When you hear the words “high yield,” what’s the first thing that comes to mind?
What you probably didn’t think of right away are checking accounts. And that’s fair – after all, a basic checking account usually pays little or no interest. It’s typically not what you might consider “high yield.”
But did you know there are high-yield checking accounts that could help you earn a more competitive APY on your balance? This could mean more cash in your pocket.
If you’re not too familiar with these accounts, read on. We’ll go over how a high-yield checking account works. Once you’re caught up on the basics, you can decide whether it’s right for you.
You can probably put two and two together from its name: A high-yield checking account can offer a higher APY than a standard checking account, which typically pays low or no interest.
In other words, with a high-yield checking account, you have the potential to earn more interest on your account balance.
Just how much higher is the APY? That will depend on your bank.
If you take a quick look online at some of the high-yield checking account offers available, you’ll likely find that the APY can run anywhere between 1% to 4%. Not too shabby, right? Especially when you compare that to the FDIC’s national average deposit rates: 0.03% for interest checking and 0.06% for savings accounts (note: rates as of October 18, 2021).
Now, before you rush off to open an account, it’s important to take a moment and look over the terms and conditions of a high-yield checking account. Some banks will expect you to complete a few qualifying activities before you could snag that high APY as advertised. Banks may also put a limit on how much you could earn at the highest APY (more on this later).
It’s actually pretty similar to a regular checking account. With a high-yield checking account you could write checks, deposit money and make purchases with a debit card that’s linked to your account.
Your money is also FDIC-insured , as long as you open an account at a FDIC member bank. This means that your deposits are protected up to a certain dollar amount. The standard insurance is $250,000 per depositor, per insured bank, for each account ownership category. (Check out our FDIC insurance article to learn more.)
To get the highest APY as advertised by the bank, you’ll likely have to complete some qualifying activities. Common examples include:
Each bank will have its own set of “qualifiers,” so definitely talk to a bank representative to confirm what you’ll need to check off.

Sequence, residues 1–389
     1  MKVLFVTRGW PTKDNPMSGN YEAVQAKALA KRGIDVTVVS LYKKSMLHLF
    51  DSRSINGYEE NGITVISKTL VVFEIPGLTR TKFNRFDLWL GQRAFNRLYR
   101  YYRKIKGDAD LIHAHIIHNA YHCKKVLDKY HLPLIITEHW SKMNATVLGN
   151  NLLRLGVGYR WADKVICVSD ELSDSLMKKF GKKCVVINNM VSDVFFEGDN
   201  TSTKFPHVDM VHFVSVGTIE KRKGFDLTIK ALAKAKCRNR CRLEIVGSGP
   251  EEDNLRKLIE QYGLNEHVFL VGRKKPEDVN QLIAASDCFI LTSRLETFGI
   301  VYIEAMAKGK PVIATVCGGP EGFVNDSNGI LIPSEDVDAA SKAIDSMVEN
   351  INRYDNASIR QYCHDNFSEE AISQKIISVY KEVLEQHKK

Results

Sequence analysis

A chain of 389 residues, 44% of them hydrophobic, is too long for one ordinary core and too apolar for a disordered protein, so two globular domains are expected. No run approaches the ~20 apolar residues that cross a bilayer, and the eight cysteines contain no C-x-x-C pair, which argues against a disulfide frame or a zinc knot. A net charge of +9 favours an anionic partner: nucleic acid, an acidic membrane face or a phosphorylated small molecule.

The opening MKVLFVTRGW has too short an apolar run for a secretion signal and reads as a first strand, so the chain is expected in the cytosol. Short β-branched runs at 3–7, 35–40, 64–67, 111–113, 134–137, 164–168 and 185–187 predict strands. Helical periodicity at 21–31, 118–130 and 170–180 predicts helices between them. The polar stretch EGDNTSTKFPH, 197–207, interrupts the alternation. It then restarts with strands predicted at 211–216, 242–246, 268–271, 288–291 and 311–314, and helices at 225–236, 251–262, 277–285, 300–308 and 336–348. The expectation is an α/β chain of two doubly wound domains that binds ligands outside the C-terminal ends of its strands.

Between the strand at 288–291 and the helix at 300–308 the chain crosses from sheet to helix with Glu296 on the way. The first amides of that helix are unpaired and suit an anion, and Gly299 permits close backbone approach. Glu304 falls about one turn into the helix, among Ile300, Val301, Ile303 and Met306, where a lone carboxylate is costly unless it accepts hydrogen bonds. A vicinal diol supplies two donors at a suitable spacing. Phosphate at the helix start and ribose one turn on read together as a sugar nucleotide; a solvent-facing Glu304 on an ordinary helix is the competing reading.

If you fall short of completing the qualifying transactions, you’ll likely lose the competitive rate for the month or get hit with fees (or both). Ouch! This is why it’s important to understand the requirements and stay on top of them.
Another key detail to pay attention to is the APY structure. Some banks will only apply the advertised APY rate to your account balance up to a certain dollar amount. Then, a lower APY may be applied to the dollar amount that goes over.
For example, a bank may advertise an APY of up to 4%. But they may have a rule where they’ll only apply the 4% APY to a balance of up to $10,000. Then, a lower APY may be applied to any amount over $10,000.
All this talk about qualifying activities and APY rules may have you wondering: Is a high-yield checking account worth it?
A high-yield checking account can be a good way to help you earn more on your balance compared to a standard checking account – as long as you’re able to meet all the requirements to get the top APY, and the account fees are low.
Remember, high fees can eat into your earnings, leaving you with less to spend. The good news is there are high-yield checking accounts that come with no monthly fees and provide ATM fee reimbursements, which could help sweeten the deal.
What about those APY limits? Even if the top APY will only be applied, say, up to the first $10,000 in your account, that can still make a difference!
Take a look at this basic hypothetical example:
Sure, interest earnings alone may not change your life overnight. But you could put that extra money towards your other financial goals.
Bottom line: It’s a good idea to do some comparative shopping and see if there’s an offer out there that makes sense for you and how you bank. If you typically keep a large balance in your checking account, going with the high-yield route might be worth your while if you can avoid fees and stay on top of the qualifying activities to snag the competitive APY.
This article is for informational purposes only and is not a substitute for individualized professional advice. Articles on this site were commissioned and approved by Marcus by Goldman Sachs®, but may not reflect the institutional opinions of The Goldman Sachs Group, Inc., Goldman Sachs Bank USA or any of their affiliates, subsidiaries or divisions.